“Since California strengthened its housing laws, cities have attempted, unsuccessfully, to skirt these rules. La Cañada Flintridge is another community making excuses rather than building their fair share of housing,” Governor Newsom said on Tuesday.  “La Cañada Flintridge will learn, as other communities have, that the status quo is no longer acceptable, and ultimately, they will be held accountable.”

If the state goes after La Cañada, it’s only a matter of time before it aims its sights on Davis.  All you have to do is substitute Davis for La Cañada Flintridge in the above paragraph to envision what could happen.

About The Author

David Greenwald is the founder, editor, and executive director of the Davis Vanguard. He founded the Vanguard in 2006. David Greenwald moved to Davis in 1996 to attend Graduate School at UC Davis in Political Science. He lives in South Davis with his wife Cecilia Escamilla Greenwald and three children.

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1 Comment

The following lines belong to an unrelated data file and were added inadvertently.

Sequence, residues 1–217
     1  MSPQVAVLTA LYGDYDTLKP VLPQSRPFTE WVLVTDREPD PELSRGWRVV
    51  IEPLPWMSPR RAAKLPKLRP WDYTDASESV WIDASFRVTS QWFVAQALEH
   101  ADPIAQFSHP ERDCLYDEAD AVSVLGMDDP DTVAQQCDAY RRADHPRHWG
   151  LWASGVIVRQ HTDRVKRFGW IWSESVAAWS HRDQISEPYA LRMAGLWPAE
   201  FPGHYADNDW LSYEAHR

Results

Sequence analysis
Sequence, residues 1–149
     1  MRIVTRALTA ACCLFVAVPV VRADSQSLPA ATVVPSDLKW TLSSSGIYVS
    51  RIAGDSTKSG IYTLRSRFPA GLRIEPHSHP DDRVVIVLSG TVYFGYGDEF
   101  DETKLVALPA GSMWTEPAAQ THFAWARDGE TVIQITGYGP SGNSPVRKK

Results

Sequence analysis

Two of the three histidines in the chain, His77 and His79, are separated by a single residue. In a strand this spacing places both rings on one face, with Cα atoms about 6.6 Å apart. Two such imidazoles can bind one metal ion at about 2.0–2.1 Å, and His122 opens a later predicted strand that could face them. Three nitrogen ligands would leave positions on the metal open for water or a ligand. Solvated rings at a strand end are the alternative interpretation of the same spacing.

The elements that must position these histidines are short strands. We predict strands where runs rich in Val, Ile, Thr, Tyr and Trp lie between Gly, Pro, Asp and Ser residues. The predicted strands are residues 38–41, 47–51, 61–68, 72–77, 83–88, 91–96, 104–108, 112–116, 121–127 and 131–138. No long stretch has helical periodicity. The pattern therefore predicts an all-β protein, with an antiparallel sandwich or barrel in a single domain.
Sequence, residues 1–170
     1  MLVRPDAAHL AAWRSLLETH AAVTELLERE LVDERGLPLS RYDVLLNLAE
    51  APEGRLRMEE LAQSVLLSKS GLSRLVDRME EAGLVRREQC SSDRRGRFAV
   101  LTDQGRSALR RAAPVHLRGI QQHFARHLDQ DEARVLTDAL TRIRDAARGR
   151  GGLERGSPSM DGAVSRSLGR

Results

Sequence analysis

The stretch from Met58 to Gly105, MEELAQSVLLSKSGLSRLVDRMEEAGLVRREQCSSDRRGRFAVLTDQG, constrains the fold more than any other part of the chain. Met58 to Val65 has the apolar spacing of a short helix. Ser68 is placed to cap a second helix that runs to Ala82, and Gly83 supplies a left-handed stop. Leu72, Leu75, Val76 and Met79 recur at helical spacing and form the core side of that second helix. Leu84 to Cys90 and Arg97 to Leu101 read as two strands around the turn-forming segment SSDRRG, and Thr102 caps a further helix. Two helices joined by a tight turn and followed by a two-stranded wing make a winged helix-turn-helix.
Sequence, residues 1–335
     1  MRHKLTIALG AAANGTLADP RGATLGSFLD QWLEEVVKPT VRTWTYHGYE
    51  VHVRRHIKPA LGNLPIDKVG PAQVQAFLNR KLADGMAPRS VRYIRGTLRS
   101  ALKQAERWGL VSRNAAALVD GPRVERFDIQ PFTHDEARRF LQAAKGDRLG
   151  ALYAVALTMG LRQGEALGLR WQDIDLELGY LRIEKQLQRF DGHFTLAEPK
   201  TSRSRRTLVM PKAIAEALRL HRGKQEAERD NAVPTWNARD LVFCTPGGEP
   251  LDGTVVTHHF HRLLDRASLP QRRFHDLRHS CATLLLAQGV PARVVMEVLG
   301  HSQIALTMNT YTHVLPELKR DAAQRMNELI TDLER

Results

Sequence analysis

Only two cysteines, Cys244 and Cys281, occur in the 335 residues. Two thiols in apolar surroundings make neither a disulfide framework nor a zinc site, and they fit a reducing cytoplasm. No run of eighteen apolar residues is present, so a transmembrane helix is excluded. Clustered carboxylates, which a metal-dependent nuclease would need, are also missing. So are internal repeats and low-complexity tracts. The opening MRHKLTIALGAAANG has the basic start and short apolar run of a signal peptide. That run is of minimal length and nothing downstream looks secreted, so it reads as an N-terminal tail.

1. Walter Shwe

    In Los Angeles, a 49-unit apartment complex is taking 17 years to complete, the result of complex laws that exacerbated California’s affordable housing crisis

    For decades, California has struggled with a persistent affordable housing shortage.
    A WSJ report detailed how one LA housing project was unable to get off the ground for over 15 years.
    Los Angeles Mayor Karen Bass has made it a priority to obtain project approvals in a timely manner.

    But the state of California has also become widely known for its severe housing crunch, with affordability being the leading issue that has driven many natives and longtime residents to inland communities and lower-cost states.
    According to The Wall Street Journal, California’s complex regulations have played a major role in delaying the construction of a 49-unit apartment complex known as Lorena Plaza in the Boyle Heights neighborhood east of downtown Los Angeles.